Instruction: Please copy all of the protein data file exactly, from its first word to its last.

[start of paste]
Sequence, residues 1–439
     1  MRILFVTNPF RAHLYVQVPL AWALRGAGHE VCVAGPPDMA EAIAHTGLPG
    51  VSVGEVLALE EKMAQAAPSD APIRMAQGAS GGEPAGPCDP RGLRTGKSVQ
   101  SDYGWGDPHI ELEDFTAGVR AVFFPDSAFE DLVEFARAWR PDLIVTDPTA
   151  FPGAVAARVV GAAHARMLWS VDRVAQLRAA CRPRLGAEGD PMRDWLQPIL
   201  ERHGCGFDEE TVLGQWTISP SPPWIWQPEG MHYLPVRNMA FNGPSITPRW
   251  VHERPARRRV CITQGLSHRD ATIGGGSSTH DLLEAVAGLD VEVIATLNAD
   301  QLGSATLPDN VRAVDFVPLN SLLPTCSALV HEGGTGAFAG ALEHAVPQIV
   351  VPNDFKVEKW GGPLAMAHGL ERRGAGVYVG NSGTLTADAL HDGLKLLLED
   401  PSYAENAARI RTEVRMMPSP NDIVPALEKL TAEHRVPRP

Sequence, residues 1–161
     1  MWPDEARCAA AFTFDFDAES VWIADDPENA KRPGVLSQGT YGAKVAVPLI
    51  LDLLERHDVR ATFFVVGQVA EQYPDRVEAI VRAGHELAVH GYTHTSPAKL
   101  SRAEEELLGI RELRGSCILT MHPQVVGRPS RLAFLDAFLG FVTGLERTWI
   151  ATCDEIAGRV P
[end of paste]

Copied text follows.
Sequence, residues 1–439
     1  MRILFVTNPF RAHLYVQVPL AWALRGAGHE VCVAGPPDMA EAIAHTGLPG
    51  VSVGEVLALE EKMAQAAPSD APIRMAQGAS GGEPAGPCDP RGLRTGKSVQ
   101  SDYGWGDPHI ELEDFTAGVR AVFFPDSAFE DLVEFARAWR PDLIVTDPTA
   151  FPGAVAARVV GAAHARMLWS VDRVAQLRAA CRPRLGAEGD PMRDWLQPIL
   201  ERHGCGFDEE TVLGQWTISP SPPWIWQPEG MHYLPVRNMA FNGPSITPRW
   251  VHERPARRRV CITQGLSHRD ATIGGGSSTH DLLEAVAGLD VEVIATLNAD
   301  QLGSATLPDN VRAVDFVPLN SLLPTCSALV HEGGTGAFAG ALEHAVPQIV
   351  VPNDFKVEKW GGPLAMAHGL ERRGAGVYVG NSGTLTADAL HDGLKLLLED
   401  PSYAENAARI RTEVRMMPSP NDIVPALEKL TAEHRVPRP

Sequence, residues 1–161
     1  MWPDEARCAA AFTFDFDAES VWIADDPENA KRPGVLSQGT YGAKVAVPLI
    51  LDLLERHDVR ATFFVVGQVA EQYPDRVEAI VRAGHELAVH GYTHTSPAKL
   101  SRAEEELLGI RELRGSCILT MHPQVVGRPS RLAFLDAFLG FVTGLERTWI
   151  ATCDEIAGRV P